Monday, December 1, 2014

Restaurant Math

I am posting some of my older, well-viewed posts this evening, redirecting viewers to here from my old weblog. I apologize my old weblog cannot be opened for you all to peruse, but my old domain (which was called, not the new .net version I am debuting soon) was hacked with malware. There are some things on that weblog that have to be cleaned up, but these posts are still there and need to be reprised. Thank you! 

This was written in the fall of 2011. 

Restaurant Math is an activity I do to help students make real-world connections in math over the course of the year. This may take about three days.

Step 1: In writing class, students develop menus for restaurants they design. They fold one 8 1/2 x 11" piece of paper in half to develop their menus. They come up with interesting names for their restaurant and then look at menus from existing restaurants to help them come up with unique dishes with rich descriptions. Below is a list of .pdf menus you can use with your students. (Some of these menus do not include prices, so remember to tell your students that their menu MUST have prices. They NEED to come up with prices for their meals, desserts, appetizers, and beverages to make the math parts of the assignment possible.)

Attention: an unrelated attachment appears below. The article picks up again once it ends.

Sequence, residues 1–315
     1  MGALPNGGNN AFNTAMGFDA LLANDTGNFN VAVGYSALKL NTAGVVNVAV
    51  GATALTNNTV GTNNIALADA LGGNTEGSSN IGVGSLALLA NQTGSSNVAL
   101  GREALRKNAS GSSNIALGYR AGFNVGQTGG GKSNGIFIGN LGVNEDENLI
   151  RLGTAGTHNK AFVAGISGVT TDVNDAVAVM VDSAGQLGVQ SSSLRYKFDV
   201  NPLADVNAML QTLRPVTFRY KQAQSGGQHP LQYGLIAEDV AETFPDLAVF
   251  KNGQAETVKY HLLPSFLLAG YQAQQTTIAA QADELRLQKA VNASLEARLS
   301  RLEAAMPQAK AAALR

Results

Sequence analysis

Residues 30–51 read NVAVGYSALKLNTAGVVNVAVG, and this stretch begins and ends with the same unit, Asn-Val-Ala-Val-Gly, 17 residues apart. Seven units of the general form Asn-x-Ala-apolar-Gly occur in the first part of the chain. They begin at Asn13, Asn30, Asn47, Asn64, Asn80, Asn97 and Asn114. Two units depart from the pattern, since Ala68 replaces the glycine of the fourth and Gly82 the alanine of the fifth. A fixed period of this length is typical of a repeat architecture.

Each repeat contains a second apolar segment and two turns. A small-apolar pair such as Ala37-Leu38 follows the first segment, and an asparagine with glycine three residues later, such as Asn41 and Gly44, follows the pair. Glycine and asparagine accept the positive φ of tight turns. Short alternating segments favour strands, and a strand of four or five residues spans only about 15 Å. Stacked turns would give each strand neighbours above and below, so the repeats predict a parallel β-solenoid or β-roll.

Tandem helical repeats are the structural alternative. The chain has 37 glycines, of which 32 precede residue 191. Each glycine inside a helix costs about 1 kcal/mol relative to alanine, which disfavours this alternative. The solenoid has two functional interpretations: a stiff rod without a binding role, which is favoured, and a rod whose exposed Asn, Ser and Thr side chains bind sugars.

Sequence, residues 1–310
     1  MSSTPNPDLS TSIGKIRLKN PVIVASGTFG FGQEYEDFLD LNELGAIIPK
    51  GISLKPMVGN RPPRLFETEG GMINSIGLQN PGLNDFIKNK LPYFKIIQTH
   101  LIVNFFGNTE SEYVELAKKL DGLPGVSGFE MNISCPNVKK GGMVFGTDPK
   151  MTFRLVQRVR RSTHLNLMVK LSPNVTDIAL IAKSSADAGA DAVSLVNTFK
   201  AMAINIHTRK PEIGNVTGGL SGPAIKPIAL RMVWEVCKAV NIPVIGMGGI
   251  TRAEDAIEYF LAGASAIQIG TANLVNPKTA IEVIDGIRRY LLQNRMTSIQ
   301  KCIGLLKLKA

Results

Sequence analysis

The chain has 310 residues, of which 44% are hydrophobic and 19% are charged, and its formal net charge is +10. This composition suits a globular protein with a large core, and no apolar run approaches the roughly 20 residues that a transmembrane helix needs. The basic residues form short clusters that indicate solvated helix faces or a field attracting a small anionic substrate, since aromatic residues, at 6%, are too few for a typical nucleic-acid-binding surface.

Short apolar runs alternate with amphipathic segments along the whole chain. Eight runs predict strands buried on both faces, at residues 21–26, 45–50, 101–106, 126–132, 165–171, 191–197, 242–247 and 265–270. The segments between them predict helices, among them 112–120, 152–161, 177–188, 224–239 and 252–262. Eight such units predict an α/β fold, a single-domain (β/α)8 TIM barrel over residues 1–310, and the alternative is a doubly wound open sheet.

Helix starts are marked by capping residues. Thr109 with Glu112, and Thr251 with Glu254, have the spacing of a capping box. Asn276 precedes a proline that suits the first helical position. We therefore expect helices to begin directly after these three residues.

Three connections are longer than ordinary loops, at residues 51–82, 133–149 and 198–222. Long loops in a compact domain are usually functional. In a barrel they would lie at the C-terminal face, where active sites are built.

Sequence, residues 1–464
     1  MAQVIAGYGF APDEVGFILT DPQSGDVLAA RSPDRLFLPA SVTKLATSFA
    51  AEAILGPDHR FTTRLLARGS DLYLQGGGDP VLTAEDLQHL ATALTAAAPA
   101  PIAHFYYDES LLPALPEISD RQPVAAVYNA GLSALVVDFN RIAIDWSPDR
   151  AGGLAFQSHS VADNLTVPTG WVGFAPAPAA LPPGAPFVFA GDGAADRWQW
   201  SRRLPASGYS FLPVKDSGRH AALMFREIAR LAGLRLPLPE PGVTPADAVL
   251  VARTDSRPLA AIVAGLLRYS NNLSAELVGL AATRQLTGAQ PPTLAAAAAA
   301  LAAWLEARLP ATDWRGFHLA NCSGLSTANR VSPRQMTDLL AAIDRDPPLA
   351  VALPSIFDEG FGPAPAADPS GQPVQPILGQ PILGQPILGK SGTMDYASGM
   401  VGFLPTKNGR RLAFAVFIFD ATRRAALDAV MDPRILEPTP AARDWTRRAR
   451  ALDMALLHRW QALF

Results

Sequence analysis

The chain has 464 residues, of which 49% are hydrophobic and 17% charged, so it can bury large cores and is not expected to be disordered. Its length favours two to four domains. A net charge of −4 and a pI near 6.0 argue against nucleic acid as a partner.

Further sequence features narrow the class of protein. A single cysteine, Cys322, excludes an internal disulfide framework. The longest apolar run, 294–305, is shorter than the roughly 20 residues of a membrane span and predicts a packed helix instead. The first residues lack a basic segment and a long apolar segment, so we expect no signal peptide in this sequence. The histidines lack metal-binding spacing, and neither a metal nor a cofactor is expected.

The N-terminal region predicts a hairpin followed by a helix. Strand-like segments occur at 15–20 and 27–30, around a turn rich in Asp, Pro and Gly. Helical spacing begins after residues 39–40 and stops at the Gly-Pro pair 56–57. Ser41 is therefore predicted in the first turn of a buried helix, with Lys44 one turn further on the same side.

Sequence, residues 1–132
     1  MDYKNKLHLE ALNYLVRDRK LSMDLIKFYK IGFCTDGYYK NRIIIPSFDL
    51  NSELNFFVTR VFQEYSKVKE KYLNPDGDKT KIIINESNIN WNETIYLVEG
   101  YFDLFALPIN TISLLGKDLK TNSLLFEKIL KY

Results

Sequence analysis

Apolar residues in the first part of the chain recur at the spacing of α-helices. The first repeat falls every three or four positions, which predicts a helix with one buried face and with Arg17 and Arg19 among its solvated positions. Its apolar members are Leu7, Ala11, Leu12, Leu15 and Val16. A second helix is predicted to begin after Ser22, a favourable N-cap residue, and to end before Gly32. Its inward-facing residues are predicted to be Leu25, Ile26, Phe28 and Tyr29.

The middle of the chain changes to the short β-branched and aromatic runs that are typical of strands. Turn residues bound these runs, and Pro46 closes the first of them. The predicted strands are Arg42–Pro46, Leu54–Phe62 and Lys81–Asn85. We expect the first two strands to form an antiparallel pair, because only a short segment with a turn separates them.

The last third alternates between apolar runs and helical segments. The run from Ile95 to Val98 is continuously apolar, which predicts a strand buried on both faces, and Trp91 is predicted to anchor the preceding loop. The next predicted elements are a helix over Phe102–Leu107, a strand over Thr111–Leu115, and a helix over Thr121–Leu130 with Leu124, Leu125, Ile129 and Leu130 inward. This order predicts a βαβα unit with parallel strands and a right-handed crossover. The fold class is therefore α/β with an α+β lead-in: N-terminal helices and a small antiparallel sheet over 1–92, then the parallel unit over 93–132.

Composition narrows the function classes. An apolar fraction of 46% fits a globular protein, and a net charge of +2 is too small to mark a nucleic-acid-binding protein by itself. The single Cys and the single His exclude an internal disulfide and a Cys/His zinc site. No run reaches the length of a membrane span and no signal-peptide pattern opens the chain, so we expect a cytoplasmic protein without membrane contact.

Step 2: Once students have developed their menus, put some on the Elmo. Ask the class how much totals would come to if a family purchased ___, ___, ___, and ___ from _________'s menu. (Do not worry about tips if this is done in the first half of the school year in grades 3 or 4. For grades 5 or higher, you know your students best, and the decision is your discretion.) Do this with about five students' menus and see how accurate your students are in totaling the "bills".

Step 3: The last part is AWESOME and something new I am trying this year! I hope it is successful, and I plan on showing you when the time comes. It seems like a really neat idea to take 1/3 of the class (for me, 7 or 8 students) and sitting them down in a straight line to create a "food court". The other 14-15 students in my class will then "order" from their menus, and the restaurant owners will keep running totals. The 14 or 15 rotating students will have to place two orders each for themselves only. This is something I may do for three days for about 15 minutes each to rotate all the students through being consumers and restaurant owners.

We will then speak about which students' restaurants fared the best and maybe the reasons why they fared the best.

Tell me what you think! I am excited about sharing these ideas with you and really want to read your thoughts!

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